Located on the slopes of the ‘Lerchenberg’ hill at Carspach (Haut-Rhin), the ‘Kilianstollen’ is set on the German front line, which remained stable to the west of Altkirch between 1914 and 1918. This structure is a large underground shelter (with the potential capacity to hold 500 soldiers), built between 1915 and 1916, where the soldiers from the trenches could seek shelter during enemy bombardments.
The German archives provide ample information on the construction of this subterranean shelter and the tragic events of 18th March 1918 which led to its partial destruction. That morning the German artillery spent the morning pounding the French lines with gas shells, while in the afternoon the French artillery responded by concentrating its fire on the section of the line near the Kilianstollen. A company from the 94th German reserve infantry regiment took refuge in this supposed stronghold. After several direct hits in rapid succession, the shelter collapsed and around thirty soldiers were buried in the rubble. A rescue operation was launched to free those who remained trapped underground, but the search was soon called off as technical constraints made it impossible to proceed. Twenty-one soldiers remained unaccounted for.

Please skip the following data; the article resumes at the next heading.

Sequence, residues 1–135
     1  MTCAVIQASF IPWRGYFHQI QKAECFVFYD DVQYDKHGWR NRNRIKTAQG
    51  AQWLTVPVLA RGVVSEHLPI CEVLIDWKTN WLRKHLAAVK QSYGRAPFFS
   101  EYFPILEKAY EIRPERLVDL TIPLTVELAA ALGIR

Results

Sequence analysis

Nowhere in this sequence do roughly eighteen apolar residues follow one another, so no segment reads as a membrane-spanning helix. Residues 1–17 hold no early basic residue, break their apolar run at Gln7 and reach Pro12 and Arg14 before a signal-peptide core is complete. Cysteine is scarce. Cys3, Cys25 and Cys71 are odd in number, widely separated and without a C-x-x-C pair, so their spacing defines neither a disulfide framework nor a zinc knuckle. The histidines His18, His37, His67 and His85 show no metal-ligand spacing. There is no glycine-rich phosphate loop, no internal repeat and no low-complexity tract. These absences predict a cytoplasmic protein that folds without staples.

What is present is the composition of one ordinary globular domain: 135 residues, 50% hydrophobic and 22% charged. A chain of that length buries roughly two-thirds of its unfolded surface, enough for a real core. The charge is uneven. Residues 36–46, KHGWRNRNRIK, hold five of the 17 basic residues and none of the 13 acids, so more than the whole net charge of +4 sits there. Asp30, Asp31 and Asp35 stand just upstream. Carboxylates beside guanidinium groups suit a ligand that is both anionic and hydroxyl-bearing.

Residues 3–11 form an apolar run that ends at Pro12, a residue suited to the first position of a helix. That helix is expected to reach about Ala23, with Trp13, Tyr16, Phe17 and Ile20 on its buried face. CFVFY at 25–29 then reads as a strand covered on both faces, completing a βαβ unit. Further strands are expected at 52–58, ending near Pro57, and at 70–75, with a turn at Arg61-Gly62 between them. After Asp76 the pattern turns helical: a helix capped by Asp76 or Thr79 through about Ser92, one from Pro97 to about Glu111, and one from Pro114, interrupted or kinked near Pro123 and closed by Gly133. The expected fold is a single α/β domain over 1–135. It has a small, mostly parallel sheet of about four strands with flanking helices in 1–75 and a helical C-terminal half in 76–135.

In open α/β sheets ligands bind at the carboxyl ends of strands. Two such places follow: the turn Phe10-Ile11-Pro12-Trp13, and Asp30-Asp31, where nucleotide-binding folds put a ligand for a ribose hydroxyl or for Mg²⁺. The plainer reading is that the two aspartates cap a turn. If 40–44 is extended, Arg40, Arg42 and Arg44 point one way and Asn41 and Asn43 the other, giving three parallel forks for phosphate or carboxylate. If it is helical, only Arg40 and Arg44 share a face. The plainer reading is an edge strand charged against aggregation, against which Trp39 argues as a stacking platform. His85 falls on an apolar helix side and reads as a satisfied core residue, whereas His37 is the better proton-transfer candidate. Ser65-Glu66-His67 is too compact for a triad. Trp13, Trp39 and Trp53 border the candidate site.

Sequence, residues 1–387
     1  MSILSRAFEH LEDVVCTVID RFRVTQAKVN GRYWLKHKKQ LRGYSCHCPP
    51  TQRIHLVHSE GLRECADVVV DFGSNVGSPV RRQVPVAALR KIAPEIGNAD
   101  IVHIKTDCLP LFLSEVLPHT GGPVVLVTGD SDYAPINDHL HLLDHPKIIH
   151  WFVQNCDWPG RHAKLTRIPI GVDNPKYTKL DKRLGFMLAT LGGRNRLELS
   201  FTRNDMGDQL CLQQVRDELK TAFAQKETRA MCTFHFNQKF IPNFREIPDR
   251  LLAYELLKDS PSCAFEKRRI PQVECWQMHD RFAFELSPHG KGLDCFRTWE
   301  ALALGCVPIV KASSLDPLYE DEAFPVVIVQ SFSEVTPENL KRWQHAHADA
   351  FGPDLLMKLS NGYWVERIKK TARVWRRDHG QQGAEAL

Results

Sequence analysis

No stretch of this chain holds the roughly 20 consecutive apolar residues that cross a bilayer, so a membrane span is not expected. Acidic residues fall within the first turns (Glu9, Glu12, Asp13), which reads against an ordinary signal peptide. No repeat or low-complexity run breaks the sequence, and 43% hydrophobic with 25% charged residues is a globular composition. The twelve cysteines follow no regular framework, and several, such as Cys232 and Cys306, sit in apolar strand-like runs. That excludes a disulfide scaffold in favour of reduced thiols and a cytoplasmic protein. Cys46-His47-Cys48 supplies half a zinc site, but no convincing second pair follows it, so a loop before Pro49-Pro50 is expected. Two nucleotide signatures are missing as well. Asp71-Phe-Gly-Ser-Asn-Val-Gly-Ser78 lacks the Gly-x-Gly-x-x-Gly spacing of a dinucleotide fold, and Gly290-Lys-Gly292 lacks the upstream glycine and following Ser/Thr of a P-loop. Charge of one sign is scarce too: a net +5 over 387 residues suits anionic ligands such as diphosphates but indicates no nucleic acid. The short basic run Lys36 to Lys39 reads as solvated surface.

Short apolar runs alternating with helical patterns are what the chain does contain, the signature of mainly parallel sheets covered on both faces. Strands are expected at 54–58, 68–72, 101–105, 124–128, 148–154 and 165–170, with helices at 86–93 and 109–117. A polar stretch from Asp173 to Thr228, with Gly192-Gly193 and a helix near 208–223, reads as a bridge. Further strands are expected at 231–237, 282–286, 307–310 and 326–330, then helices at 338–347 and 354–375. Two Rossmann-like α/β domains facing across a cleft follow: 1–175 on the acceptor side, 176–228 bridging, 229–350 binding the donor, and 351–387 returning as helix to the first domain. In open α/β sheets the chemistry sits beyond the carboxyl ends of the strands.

A preventive archaeological dig conducted in 2011 by the Interdepartmental Archaeological Service for the Rhine succeeded in locating these missing soldiers. Their remains were not moved after their deaths, meaning that they remained exactly as they were immediately after the collapse. These excavations provided new insight into the construction, design and use of this subterranean shelter, and much new information was also gleaned from examining the bodies and objects uncovered.